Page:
Headlines you need to know this week
Rising health costs may mean lower retirement savingsMore than 60% of participants in 401(k) plans in a survey cited concerns about rising health-care costs as the reason for contributing less to retirement plans. Higher health-care expenses also have more effect on men than women, with 72% of women noting they spend less on recreation or entertainment to cover health-care costs, compared with 59% of men.
Financial advisors fight against elder fraudA financial advisor could be the first line of defense for seniors against elder fraud. Seniors lose about $36.5 billion each year to financial fraud. In 2015, broker-dealer firms reported nearly 2,300 cases of suspected senior fraud. More than half of those cases involved family members, or other third parties, trying to access seniors' accounts, the report stated.
Technology is disrupting the role of adviceThe role of financial advisors is changing. New research from the Boston Consulting Group cites technology and better-informed clients as drivers of change. Relationship managers in the future will likely be required to have more financial education and the ability to adapt quickly to technology tools.
Women, millennials lead the way in socially responsible investingA survey of high-net-worth investors found the number of women and millennials allocating assets to socially responsible investments surged in the past two years. The percentage of millennials who had begun investing in SRI jumped to 28% from 17% in 2015, and for women the number rose to 18% from 9%. More men said they were interested in this type of investing — increasing to 31% from 16% in the prior study.
Millionaire confidence plungesConfidence among millionaire investors dropped in May, marking the biggest one-month decline in 13 years, according to Spectrem Group. It was the first time in six years that millionaires were less confident than the “affluent investor” group (those with at least $500,000 in assets). Spectrem cited uncertainty around policy, including tax reform, as a factor.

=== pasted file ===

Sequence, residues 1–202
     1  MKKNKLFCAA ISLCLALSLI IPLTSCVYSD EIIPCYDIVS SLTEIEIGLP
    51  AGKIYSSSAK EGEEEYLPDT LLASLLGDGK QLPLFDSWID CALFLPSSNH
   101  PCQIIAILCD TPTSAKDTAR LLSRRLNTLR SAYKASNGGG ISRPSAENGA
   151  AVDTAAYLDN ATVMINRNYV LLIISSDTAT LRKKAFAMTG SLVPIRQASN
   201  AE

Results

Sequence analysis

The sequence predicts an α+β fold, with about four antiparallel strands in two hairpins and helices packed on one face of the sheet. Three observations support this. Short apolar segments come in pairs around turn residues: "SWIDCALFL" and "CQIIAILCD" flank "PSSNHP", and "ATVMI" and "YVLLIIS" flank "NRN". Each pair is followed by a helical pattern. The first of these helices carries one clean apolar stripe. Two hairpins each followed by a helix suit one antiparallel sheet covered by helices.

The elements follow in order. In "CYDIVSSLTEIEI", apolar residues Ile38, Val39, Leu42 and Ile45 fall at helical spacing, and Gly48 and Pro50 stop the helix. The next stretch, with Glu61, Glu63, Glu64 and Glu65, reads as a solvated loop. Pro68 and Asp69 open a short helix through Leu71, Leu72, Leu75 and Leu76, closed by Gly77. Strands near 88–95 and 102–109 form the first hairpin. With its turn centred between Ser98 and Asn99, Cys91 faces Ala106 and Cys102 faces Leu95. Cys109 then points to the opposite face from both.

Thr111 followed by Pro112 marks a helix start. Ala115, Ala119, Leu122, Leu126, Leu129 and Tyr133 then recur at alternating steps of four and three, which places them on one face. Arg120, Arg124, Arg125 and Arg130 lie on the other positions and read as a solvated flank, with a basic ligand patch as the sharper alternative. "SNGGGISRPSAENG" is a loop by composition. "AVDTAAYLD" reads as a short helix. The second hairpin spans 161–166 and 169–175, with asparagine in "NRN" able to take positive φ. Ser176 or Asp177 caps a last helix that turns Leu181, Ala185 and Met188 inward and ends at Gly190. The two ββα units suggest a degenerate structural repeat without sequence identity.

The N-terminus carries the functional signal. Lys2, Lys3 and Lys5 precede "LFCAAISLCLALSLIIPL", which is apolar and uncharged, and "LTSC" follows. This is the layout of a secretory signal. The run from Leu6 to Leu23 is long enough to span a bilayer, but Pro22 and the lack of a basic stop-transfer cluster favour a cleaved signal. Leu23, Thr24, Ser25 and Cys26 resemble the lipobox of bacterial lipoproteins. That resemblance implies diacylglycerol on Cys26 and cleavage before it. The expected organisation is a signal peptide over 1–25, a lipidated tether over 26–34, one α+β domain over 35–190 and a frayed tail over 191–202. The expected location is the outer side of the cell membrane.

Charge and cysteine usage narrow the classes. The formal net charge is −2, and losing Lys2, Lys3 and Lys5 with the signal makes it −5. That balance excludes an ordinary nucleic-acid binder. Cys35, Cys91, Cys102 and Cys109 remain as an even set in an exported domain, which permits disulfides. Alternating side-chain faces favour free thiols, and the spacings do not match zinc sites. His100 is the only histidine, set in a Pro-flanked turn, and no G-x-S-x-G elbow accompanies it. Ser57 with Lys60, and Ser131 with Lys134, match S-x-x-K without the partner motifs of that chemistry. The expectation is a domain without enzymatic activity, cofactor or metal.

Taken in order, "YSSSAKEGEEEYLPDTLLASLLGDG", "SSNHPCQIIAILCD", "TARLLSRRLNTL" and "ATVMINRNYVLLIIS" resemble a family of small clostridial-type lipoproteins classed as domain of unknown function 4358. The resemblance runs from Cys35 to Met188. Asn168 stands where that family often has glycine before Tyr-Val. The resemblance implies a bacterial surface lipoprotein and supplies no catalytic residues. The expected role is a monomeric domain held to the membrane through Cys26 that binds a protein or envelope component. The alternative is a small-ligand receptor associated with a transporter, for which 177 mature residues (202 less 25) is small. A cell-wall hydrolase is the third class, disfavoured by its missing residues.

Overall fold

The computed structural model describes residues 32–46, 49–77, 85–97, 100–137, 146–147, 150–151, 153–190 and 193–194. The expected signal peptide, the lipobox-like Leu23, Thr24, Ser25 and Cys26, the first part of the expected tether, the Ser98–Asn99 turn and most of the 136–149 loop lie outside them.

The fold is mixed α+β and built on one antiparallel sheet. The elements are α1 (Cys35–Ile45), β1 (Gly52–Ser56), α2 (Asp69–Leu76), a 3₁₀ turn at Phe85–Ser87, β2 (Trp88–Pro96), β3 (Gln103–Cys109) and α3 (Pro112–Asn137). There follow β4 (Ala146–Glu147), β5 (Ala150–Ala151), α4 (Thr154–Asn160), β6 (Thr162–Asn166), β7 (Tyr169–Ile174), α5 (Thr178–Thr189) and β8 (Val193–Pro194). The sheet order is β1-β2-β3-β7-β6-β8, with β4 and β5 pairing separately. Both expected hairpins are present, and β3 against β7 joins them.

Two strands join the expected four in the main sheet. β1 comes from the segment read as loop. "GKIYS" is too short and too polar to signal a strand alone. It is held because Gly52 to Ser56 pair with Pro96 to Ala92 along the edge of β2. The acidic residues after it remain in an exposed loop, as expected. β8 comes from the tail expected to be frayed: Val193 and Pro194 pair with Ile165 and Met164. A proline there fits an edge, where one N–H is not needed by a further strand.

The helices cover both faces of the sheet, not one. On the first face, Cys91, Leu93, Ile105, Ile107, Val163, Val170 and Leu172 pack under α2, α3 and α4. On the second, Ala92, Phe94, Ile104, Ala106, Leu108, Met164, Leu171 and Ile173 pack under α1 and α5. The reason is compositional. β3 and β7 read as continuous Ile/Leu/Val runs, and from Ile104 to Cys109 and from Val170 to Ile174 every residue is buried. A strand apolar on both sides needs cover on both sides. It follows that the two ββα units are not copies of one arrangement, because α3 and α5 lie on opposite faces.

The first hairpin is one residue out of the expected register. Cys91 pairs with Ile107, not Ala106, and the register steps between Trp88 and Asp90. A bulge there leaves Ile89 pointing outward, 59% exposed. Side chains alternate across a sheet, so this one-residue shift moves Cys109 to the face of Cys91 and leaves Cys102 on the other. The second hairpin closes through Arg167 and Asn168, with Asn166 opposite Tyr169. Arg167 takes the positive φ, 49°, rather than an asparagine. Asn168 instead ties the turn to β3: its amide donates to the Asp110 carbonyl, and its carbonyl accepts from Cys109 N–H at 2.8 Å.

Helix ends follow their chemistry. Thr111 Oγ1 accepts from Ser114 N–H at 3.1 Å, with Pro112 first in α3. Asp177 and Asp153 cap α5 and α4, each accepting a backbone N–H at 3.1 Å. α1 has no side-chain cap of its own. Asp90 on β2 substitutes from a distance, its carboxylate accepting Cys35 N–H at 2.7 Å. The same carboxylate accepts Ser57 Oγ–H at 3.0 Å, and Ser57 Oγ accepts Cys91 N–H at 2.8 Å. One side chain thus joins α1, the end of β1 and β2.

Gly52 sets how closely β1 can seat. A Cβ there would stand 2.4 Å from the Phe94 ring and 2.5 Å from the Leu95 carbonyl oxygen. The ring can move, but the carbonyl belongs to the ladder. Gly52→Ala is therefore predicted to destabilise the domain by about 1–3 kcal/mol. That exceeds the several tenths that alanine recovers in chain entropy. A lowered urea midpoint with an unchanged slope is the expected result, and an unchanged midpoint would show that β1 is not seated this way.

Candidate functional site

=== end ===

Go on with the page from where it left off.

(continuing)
House passes bill to ease banking regulationsThe House voted 233 to 186 to approve the Choice Act, which would eliminate numerous financial regulations enacted by the Dodd-Frank Act after the 2008 crisis. The bill eases rules around capital requirements for banks and would also eliminate the Department of Labor’s fiduciary rule. The measure will now go to the Senate.
How tech can help advisors focus on the big pictureMore financial advisors are using artificial intelligence technology to answer clients’ frequently asked questions and provide tools for simple calculations. Leveraging tech can give advisors more time to focus on financial planning and have in-depth discussions.
U.S. Chamber says fiduciary rule could hurt saversThe Department of Labor’s fiduciary rule could result in higher service fees on retirement accounts and cause millions of investors to lose access to financial advice, according to the U.S. Chamber of Commerce. The rule, which takes effect June 9, is still under a review by the DOL.
Relationship building a top skillMore advisors are focusing on relationship building with clients, guiding them on meeting their goals outside of a financial plan. A study found that these so-called “soft skills” will become more important than technical skills in the next five to ten years. In the survey, 38% cited relationship building as the most important skill.
Advisors bridge generation gap in the workplaceA firm with advisors across generations may have an advantage. Boomer owners may see an opportunity to educate millennials about the business. Millennials may want to be part of the succession plan. Wealthmanagement.com offers some ideas on how to bridge disconnects for a smooth transition.
Millennials working hard to retire earlyMillennials are hard at work trying to retire early. To meet that goal, 80% are already saving for retirement and 75% said they are cutting expenses to boost their savings, according to PlanSponsor. Nearly half of those surveyed said they are willing to take on more risk to grow their nest egg.
Advisors organizing family meetings to talk wealth transferMany financial advisors are introducing new programs and ideas to talk to their clients, as well as their families, about wealth transfer, CNBC reports. With more than $30 trillion expected to move from boomers to the next generation in the coming decades, heirs will likely need guidance. Some are organizing meetings with multiple generations. Younger advisors are also playing a role in this business building effort.
Robo-users prefer human advisors when creating a planDespite the rise in use of robo-advisors, many investors prefer to work with a human when crafting a financial plan, according to Investor’s Business Daily. Among investors using a robo-advisor surveyed by the Spectrem Group, only 13% cited the robo as their primary advisor, while 18% said they use a full-service broker as a primary advisor. A full 66% said human advisors did a better job creating financial plans and 50% said people were more capable of making changes to those plans.
Read our views on preserving and enhancing wealth for the future with financial-planning experts Bill Cass and Chris Hennessey
Explore our thinking about today’s financial markets
Stay on top of trends in mobile technology, software, and social media